Monday, July 30, 2007

What is your Cope-Marsh number?

Ho man. Just in case you care about where this crap comes from, here goes. I was over at TetZoo and saw a link on the sidebar to an Aetiology post on Danica McKellar's "Math Doesn't Suck". The third comment down states, "Danica McKellar has a Bacon-Erdos number of 6. Same as Feynmann." That embedded link (included above) takes you to the Wikipedia page on the Bacon-Erdos number.

What is the Bacon-Erdos number? From the Wikipedia article:
An individual's Erdős–Bacon number is the sum of one's Erdős number—which measures the "collaborative distance" in authoring mathematical papers between that individual and Hungarian mathematician Paul Erdős—and one's Bacon number—which represents the number of links, through roles in films, by which the individual is separated from actor Kevin Bacon.
Much like the Bristol Stool Scale, it's stuff like this that makes me proud to be a scientist.

As the title says, I wish we had something like this in paleo. Only maybe not tied to movies. It would be interesting to know who had the lowest Cope-Marsh number, which is the sum of one's collaborative distance from Edward Drinker Cope and Othniel Charles Marsh. It would be tough because although both Cope and Marsh published a buttload of papers (more than 1200 for Cope), they hardly ever collaborated and they hated each other's guts. So the immediate links to each would be few and probably distant from each other in collaboration space. Maybe their posthumous stuff would be a good place to start.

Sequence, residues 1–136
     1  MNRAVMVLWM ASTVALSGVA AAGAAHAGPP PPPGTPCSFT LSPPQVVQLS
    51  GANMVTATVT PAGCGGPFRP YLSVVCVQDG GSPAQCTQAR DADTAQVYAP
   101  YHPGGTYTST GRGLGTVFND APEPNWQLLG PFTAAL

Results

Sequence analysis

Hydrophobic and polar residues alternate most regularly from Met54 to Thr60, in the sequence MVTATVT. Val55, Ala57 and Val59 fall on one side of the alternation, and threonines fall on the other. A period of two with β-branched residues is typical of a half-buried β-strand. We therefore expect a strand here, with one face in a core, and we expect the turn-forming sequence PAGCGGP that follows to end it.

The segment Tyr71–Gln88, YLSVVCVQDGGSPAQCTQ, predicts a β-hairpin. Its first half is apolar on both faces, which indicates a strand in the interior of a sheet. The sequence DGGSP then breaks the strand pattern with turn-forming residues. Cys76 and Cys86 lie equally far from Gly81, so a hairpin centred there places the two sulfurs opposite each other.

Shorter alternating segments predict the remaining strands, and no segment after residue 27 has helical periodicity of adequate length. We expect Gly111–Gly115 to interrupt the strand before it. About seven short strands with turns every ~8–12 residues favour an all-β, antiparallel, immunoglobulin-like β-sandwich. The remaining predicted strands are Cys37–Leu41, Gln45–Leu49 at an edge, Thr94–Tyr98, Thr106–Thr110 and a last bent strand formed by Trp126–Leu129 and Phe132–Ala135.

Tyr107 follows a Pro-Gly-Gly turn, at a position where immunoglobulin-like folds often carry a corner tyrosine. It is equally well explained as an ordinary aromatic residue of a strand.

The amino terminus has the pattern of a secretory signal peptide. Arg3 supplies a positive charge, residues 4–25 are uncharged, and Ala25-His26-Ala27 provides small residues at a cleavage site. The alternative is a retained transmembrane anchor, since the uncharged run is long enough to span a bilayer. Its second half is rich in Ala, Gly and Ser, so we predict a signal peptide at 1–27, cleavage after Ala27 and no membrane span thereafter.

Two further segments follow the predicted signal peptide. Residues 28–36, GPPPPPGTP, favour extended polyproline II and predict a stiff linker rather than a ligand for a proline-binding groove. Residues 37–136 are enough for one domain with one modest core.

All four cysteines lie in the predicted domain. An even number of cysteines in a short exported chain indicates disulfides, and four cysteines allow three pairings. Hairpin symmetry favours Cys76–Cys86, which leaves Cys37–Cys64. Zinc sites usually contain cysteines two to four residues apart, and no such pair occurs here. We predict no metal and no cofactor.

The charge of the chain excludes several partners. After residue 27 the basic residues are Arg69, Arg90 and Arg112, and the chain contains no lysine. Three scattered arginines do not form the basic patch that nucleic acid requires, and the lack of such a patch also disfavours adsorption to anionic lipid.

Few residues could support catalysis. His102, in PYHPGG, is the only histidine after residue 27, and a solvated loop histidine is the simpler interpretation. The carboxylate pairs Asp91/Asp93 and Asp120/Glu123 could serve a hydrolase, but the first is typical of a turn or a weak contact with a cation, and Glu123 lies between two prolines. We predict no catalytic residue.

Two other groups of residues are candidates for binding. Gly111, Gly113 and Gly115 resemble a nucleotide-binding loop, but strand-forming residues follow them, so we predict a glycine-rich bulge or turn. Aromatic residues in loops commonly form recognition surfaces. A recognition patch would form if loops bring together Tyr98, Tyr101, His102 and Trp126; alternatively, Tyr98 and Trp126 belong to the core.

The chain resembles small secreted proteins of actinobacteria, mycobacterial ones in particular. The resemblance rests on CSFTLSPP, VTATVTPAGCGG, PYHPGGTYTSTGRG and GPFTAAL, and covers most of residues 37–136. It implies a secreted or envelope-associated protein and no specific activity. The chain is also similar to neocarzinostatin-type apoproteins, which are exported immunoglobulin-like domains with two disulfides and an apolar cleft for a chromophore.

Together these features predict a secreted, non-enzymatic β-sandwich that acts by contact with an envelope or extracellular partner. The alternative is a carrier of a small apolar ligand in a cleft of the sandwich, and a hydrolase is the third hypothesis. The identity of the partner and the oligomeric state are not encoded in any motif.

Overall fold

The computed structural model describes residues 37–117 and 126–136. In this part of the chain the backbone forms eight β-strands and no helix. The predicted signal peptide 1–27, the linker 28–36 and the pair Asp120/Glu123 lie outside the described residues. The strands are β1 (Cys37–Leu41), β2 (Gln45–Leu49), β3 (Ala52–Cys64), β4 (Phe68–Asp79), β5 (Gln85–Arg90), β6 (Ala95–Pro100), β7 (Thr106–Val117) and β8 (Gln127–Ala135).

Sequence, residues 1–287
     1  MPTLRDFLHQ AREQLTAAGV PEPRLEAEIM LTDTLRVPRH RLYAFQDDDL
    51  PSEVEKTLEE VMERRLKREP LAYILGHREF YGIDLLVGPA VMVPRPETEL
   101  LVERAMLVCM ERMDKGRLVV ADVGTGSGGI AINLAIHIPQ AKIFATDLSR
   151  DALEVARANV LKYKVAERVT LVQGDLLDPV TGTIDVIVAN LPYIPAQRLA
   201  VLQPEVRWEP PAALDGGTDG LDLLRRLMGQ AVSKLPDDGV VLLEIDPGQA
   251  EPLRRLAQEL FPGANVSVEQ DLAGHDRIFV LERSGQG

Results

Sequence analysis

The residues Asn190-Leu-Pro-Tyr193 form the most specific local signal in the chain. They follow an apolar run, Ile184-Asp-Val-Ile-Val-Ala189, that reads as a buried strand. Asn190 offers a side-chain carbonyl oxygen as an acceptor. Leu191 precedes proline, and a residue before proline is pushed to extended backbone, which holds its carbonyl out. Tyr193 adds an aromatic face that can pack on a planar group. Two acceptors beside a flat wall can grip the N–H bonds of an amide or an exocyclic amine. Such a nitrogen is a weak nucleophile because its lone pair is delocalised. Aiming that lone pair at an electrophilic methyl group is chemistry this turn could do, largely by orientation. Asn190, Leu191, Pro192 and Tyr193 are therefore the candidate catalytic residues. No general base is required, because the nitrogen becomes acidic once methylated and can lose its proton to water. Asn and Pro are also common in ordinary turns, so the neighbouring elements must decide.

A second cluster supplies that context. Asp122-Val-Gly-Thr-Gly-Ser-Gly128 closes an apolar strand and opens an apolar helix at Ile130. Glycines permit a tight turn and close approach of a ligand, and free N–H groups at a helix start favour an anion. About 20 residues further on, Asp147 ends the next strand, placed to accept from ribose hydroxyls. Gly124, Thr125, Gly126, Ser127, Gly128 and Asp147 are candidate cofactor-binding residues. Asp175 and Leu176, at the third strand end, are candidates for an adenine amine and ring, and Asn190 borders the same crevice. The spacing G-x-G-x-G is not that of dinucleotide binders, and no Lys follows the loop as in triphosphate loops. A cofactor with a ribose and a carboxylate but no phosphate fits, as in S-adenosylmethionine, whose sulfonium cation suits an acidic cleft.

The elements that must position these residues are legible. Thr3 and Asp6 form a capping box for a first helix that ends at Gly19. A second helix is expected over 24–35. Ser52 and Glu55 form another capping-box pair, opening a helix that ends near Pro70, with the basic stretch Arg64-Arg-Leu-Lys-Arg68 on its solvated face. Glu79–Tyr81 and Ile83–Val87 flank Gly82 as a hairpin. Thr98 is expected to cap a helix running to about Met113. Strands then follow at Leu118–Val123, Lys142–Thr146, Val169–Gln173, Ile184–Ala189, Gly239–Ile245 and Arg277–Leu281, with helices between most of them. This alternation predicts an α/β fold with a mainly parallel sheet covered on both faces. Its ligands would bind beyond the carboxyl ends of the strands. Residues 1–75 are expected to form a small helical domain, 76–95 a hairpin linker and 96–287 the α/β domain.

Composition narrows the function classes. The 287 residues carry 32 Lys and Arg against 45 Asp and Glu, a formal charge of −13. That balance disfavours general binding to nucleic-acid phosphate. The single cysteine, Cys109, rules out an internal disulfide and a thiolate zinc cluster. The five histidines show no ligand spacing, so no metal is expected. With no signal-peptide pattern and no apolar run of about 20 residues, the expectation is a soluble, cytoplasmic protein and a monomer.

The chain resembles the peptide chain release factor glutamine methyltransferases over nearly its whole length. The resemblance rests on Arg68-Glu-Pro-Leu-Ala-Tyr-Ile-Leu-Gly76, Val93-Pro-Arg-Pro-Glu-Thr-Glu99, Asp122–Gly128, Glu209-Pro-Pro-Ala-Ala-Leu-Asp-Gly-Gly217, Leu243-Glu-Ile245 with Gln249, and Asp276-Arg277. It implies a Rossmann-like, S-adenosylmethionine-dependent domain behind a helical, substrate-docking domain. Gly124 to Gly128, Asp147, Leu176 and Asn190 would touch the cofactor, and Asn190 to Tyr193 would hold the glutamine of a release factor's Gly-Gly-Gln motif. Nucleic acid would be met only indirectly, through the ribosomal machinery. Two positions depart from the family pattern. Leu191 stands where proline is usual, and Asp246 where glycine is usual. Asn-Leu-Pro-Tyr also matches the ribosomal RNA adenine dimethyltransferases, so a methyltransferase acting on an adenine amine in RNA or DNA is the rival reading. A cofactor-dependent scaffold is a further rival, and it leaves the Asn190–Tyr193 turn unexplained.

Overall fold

Can somebody get to work on this?

(Somebody else, I mean.)

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Thursday, July 19, 2007

Undeserved self-promotion and the protracted rise of dinosaurs

The cover art from today's Science. From front to back:
- the new basal dinosauromorph Dromomeron romeri
- a basal dinosauriform similar to the Polish Silesaurus
- the herrerasaurid Chindesaurus bryansmalli
- a coelophysoid theropod

Today was a good day for the Padian lab. Current Padianite Randy Irmis, former Padianite Sterling Nesbitt, and Kevin himself (plus some other folks) got the cover of Science today for their paper on basal dinosaurs and dinosauromorphs from New Mexico (Irmis et al. 2007).

The UC Berkeley press release is here, and a good overview is here. The latter site also includes super-humongous versions of the cover art and a nice comparative skeletal reconstruction, both of which I've stolen for this post. I recommend going there for the real story, but here's the short version:

The big news here is that basal dinosauromorphs, basal dinosauriforms, basal dinosaurs, and basal theropods--all the critters shown above and below--have all been found together at the Hayden Quarry in New Mexico. The age of the quarry is not wonderfully constrained, but it is probably about 215 million years old. The oldest dinosaurs are about 230 million years old, from Argentina. This is the first time that early dinosaurs have been found alongside their collateral ancestors (the dinosauromorphs and dinosauriforms), and the coexistence of all of these animals for ~15 Ma after the first appearance of dinosaurs shows that dinosaurs did not immediately replace their close relatives.

Randy and company describe a new genus and species of basal dinosauromorph, Dromomeron romeri (Romer's running femur), which is the sister taxon to Lagerpeton from the Chanares fauna in Argentina; Lagerpeton was described by A.S. Romer in the early '70s (Romer 1971, 1972).

Same critters, same order: